Ambush marketing is dead ; long live ambush marketing – a

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Ambush marketing is dead ; long live ambush marketing – a re-definition and typology of an increasingly prevalent
phenomenon Chadwick, SM and Burton, N
Title Ambush marketing is dead ; long live ambush marketing – a re-definition and typology of an increasingly prevalent phenomenon
Authors Chadwick, SM and Burton, N
Type Article
Published Date 2018
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Nicholas Burton
Brock University
Ambush marketing is more than thirty years old, and its prevalence continues to grow. Recent
cases indicate that brands perpetrating ambushes are becoming more creative, but the literature
has failed to keep pace, offering scant analysis of the different forms that ambushing can take and
the implications it can have, and little investigation or consideration from the ambusher’s
perspective. This study proposes a new definition of ambushing and typology of the three types of
ambush marketing strategy: incursion, obtrusion and association. Each type is defined and
explored, and the significance and implications for sponsors, event owners and ambushers are
examined, providing new insight into the nature and impact of ambushing for industry
Ambush marketing is evolutionary and dynamic; it encompasses a diverse array of tactics, strategy, and marketing media.
Existing definitions of ambushing are inadequate in reflecting the complexity of ambush marketing types.
Different forms of ambushing present specific and unique management implications for commercial rights holders, official event sponsors, and ambush marketers alike.
Commented [n1]: Slightly uneasy with the word “the” here –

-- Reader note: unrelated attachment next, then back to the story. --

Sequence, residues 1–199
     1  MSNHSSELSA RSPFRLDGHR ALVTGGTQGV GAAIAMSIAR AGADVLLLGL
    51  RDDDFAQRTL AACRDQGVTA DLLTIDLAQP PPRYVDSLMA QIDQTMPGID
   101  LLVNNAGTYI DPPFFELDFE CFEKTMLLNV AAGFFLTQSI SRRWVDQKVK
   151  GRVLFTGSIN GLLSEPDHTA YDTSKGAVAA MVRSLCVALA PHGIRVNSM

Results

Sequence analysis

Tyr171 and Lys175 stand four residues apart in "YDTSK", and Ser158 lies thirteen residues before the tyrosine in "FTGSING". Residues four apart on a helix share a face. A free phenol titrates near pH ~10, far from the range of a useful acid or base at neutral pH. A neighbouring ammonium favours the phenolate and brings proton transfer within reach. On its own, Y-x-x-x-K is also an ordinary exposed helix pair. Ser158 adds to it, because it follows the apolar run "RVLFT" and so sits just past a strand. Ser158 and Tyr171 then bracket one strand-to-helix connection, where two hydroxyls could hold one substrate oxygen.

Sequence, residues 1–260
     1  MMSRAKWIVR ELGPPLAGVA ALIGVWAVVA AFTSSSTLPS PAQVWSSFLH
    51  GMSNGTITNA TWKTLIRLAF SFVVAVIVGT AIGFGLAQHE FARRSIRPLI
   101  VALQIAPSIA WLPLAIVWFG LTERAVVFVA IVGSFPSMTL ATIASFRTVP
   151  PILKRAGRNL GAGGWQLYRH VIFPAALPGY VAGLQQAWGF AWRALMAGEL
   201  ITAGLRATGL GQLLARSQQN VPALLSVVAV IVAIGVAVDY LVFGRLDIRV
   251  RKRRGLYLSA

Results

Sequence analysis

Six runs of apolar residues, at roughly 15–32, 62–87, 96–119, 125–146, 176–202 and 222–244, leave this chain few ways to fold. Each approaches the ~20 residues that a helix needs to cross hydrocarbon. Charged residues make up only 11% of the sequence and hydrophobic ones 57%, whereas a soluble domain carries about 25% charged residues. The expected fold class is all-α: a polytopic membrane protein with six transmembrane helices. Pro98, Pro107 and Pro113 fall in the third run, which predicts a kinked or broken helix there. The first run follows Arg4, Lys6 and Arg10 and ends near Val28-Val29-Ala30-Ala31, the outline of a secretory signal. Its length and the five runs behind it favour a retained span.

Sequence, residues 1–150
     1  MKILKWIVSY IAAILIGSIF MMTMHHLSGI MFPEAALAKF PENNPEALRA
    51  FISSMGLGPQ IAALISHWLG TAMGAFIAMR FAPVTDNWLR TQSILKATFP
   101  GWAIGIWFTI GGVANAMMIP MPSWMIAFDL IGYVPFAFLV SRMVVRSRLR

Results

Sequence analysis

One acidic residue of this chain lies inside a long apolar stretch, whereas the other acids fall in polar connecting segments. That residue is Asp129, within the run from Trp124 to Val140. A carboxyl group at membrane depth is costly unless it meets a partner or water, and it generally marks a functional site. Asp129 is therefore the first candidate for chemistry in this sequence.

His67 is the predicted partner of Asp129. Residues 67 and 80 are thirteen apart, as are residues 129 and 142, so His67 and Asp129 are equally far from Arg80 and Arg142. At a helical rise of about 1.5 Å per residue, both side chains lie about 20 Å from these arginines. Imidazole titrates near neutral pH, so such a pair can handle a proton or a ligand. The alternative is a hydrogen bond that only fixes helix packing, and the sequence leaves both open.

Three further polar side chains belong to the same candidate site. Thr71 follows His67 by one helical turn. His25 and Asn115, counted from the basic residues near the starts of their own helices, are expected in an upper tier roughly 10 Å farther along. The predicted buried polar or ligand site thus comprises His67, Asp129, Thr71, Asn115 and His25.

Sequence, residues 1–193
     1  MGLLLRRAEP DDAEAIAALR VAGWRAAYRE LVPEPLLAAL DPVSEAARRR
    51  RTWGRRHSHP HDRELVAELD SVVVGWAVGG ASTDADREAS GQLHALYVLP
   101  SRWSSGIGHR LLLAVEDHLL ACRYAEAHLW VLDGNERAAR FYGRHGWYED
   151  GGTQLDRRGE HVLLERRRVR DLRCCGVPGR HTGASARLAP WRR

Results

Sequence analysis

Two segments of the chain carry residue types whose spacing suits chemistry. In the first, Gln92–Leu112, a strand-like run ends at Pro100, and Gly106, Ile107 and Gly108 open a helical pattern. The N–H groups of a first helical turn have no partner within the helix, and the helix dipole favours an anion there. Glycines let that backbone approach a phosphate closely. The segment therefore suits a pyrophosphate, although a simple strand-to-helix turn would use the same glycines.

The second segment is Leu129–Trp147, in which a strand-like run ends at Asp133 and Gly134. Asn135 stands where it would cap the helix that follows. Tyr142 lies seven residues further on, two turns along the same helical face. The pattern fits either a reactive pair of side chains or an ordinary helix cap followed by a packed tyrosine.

it implies a certain finality or completion, whereas we’ve seen and
know that ambushing evolves
Rights-holder based counter-ambush marketing efforts are limited in scope to protect against different forms of ambushing, and against different motives of ambushing brands.
Improved sponsorship relations and activation are increasingly important in responding to the potential threats posed for sponsors.
At the 2012 Union of European Football Associations (U.E.F.A) Championships in Poland and
Ukraine, Danish player Nicklas Bendtner celebrated scoring a goal against Portugal by lifting his
shirt to reveal green undershorts adorned with the name of Paddy Power, an online gambling
brand. Bendtner claimed that these were his lucky pants and denied that the stunt was staged at
Paddy Power’s request. But the Irish bookmakers had no legal right of association with the
U.E.F.A. and Bendtner was fined $125,000 for his actions, punishment eclipsing those levied
against soccer federations for fan violence, racism, and supporter misconduct (Roach, 2012).
Bendtner’s undershorts were merely one of hundreds of recent ambush marketing campaigns
attempted in line with major sporting events internationally. Although ambush marketing dates
back more than three decades, the practice appears to be growing in prevalence and
sophistication, heightened by the growing marketing value and presence of events such as the